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Staged Sequential injection?

EFI Tuning Fundamentals

Discussion and questions related to the course EFI Tuning Fundamentals


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Thanks for an awesome course so far!

I'll be using a Syvecs s6+ on a 6 cylinder, I am undecided on the injection system of 6 or 12 injectors. I was wondering is it possible to run 12 injectors, Staged, but still sequentially? Or are your options one or the other?

Looking at the spec for the ECU, can't see why not -

"16 x Low Side Injection/PWM Outputs (Max 10 Amps)"

My own experience of staged sequential injection was on a 9500+RPM Toyota 4AGE race engine. The lower flow lower injectors were in the head, the much higher flow uppers outside the trumpets. This was on Pectel T6, so not a million miles from your Syvecs.

We have have better idle, starting and drivability round the paddock, combined with about 5-7BHP at the top end AND better torque. Throttle response was also improved...didn't feel like it had an elastic throttle cable. It made the car much nicer to live with even if the lap times weren't significantly improved. It also destroyed fewer spark plugs and probably paid for itself in the long run.

I have reserved six outputs for my V6 (Nissan VQ30DE with Motec M1) to do the same once it is up and running. For the cost of six injectors, a fuel rail, some pipework and some plugs it seems silly NOT to give it a go! Particularly on the V6 the car needs to pass an emissions test so idle fueling is going to be crucial, the smaller the lower injector and the closer to the valves the better!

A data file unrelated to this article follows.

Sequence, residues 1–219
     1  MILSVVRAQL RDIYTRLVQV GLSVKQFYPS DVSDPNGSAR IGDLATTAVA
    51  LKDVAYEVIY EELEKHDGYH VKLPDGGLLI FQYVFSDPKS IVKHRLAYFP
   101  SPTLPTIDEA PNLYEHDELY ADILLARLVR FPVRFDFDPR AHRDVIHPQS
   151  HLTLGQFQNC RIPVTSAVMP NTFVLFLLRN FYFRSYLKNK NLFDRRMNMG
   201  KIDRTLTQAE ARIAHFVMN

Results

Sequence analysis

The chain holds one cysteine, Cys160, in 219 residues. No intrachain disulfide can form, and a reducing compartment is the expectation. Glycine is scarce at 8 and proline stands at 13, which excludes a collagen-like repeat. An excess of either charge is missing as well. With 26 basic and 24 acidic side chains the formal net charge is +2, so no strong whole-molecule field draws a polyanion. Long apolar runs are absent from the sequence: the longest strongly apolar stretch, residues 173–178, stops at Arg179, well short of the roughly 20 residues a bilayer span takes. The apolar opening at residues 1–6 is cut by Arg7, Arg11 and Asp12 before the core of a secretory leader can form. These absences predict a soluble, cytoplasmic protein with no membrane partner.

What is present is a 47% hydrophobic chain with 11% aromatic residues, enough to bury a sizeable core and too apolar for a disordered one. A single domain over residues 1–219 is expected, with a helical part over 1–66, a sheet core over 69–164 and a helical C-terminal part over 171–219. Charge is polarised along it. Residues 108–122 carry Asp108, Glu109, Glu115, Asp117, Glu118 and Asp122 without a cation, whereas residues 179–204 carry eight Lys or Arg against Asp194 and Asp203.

Thanks Denis

It is dependent on what you're trying to achieve. It's not uncommon in high output N/A engines to run a set of primary injectors down by the intake valve which works well at low rpm and low load. Often a second set of injectors are located outside the inlet trumpets for use at high rpm/load and this can offer improved atomistation and a more homogenous fuel/air mix. This can provide a small but real gain in power. Of course the other option is to use staged injection when it's hard to provide sufficient fuel for the engine through a single set of injectors.